The recent land lease proclamation
seems to be affecting many people, from daily labourers, who would rather assist
at construction sites than beg for bread, to investors, who would rather spend
their wealth on something long-lasting than simply live for today.
The recently issued proclamation on
urban land leases has been elaborated by the concerned minister and the mayor of
the 125-year-old metropolis. Panellists have also thrown some light on certain
issues and unaddressed questions raised by stakeholders.
Many observers are riddled and still
think that what the minister tried to explain over the media does not confer
with what is enshrined in the relevant proclamation. Others are of the opinion
that the issue ought to have been discussed thoroughly by the general public
before it was presented to Parliament. They hope for reconsideration, as it is
over a vital matter.
One such individual is Tesfaye, a
broker of property transactions who has stayed in the business for over 30
years. He works around Dehab Hotel, Eden Street, usually sipping coffee and
reading newspapers in his spare time. His main preoccupation is to collect
information from a range of sources, particularly from people who want to sell
or buy vehicles, houses, and other property.
He was asked about how business,
particularly house transactions, is going since the lease proclamation was
issued, recently. He did not hesitate for a moment to comment.
He makes comparisons about the
intensity of the number of people that used to crowd in and around the Document
Authenticity & Registration Office (DARO) before and after the issuance of the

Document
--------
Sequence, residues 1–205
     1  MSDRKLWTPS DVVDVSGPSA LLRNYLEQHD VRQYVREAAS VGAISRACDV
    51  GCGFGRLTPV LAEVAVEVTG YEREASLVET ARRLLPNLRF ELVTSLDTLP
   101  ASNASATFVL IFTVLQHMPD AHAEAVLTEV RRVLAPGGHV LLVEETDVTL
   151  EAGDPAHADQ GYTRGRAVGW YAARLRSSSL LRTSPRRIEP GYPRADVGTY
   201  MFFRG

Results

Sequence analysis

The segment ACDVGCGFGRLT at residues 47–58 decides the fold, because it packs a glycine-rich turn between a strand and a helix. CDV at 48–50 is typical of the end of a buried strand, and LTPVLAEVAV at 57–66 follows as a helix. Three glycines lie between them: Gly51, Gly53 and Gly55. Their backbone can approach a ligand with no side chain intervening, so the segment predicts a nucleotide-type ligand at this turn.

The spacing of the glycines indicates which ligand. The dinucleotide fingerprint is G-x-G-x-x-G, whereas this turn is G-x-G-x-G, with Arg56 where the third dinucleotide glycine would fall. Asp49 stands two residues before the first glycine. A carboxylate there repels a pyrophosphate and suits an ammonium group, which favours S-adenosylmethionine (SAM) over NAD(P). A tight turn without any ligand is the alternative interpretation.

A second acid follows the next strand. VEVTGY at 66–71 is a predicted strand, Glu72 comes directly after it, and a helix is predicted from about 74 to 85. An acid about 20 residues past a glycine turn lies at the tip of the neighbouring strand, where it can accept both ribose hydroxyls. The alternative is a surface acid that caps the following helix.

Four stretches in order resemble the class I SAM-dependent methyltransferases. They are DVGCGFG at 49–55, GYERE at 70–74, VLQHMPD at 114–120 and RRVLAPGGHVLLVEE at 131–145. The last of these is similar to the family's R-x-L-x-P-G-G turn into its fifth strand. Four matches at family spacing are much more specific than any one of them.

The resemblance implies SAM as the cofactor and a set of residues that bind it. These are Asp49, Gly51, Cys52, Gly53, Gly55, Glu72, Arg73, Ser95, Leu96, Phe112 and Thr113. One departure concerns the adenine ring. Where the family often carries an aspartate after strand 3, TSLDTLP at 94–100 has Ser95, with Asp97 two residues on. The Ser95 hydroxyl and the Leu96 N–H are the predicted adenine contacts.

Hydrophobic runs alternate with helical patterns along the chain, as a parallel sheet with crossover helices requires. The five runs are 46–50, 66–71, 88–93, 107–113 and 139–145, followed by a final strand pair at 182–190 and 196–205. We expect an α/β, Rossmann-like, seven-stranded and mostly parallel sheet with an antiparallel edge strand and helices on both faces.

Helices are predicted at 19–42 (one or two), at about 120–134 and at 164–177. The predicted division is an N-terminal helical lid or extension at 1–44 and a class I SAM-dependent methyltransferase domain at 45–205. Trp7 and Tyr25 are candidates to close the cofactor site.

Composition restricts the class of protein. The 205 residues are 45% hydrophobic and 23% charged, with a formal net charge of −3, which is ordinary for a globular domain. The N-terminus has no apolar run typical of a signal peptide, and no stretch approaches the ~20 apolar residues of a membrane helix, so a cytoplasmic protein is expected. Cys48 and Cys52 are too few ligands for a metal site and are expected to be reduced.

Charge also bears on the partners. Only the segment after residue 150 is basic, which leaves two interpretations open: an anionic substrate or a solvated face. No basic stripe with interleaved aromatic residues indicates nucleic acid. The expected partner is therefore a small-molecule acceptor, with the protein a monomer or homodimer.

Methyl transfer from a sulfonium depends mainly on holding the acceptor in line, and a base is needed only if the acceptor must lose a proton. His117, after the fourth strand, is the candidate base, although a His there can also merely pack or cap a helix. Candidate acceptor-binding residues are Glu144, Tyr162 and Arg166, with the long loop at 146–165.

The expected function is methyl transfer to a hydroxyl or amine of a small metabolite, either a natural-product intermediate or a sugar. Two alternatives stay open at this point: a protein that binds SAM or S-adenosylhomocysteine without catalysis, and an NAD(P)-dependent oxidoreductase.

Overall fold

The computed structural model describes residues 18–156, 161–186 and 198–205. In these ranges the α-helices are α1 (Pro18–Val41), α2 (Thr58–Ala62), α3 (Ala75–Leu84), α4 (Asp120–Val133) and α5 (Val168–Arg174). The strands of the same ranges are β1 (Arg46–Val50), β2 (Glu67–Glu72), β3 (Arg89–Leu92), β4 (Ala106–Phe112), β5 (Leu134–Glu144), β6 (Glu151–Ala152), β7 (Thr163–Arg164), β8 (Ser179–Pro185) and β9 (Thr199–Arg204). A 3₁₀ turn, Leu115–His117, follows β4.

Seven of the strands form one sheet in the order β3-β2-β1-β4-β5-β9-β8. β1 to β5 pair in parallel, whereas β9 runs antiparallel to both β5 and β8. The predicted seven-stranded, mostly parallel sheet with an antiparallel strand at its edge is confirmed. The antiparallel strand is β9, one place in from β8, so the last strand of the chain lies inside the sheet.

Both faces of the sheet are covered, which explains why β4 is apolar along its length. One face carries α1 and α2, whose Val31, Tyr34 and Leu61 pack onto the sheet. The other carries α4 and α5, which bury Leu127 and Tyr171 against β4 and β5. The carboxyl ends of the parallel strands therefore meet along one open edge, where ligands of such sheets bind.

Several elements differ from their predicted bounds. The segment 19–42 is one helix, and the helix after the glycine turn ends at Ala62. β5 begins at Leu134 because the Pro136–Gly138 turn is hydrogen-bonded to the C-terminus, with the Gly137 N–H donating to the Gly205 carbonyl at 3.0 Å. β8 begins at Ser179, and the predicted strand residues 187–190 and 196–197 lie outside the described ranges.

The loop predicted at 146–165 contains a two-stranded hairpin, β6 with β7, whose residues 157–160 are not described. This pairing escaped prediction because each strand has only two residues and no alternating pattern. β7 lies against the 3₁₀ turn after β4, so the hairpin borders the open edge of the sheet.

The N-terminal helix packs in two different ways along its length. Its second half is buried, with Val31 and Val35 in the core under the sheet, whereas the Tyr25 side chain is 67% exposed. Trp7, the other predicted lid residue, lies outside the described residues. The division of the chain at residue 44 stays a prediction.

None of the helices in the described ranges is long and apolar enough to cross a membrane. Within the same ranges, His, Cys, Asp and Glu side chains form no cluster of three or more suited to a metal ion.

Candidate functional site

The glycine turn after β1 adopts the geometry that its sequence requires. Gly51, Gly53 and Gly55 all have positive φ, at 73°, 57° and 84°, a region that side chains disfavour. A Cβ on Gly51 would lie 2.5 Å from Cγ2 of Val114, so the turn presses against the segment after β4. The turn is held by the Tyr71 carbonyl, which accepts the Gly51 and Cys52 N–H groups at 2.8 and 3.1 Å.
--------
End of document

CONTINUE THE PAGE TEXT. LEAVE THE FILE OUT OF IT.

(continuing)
land lease proclamation.
“That department is now almost
deserted,” he said. “It is puzzling how we can survive if we are classified as
rent seekers for the mere two per cent commission we seldom earn and our
self-employment is disregarded.”
Similarly, a well dressed
middle-aged man with a cap on his head parked his car in front of a bakery, on
one bright day last week. Hardly had he locked the door of his car when a young
man rushed to him from across Dejazmach Belay Zeleke Street and asked him if he
was looking for labourers. Looking a bit shocked and puzzled, the gentleman was
taken aback by this sudden encounter and remained dumb for a while. He shook his
head, both in bewilderment and in a negative reaction, and left for the bakery.
The young man waited a long time
until the man returned carrying a parcel with bread in it and, then, tried to
display his desire just by rubbing his stomach conspicuously as a sign of
hunger. The man rolled a 10 Br note to him and left. The young man almost
snatched the money from the man’s hand and went to the bakery without showing
any sign of courtesy for what the man had done for him.
After a while, he came back with his
own parcel and crossed the road back to his friends with the intent of sharing
the bread with his fellow job seekers. Some of them greedily crowded him, while
others stood by calmly.
These young men used to work as
assistants for skilled craftsmen working in the construction industry. For
Tesfaye, the scene signifies the paralysis in the private construction sector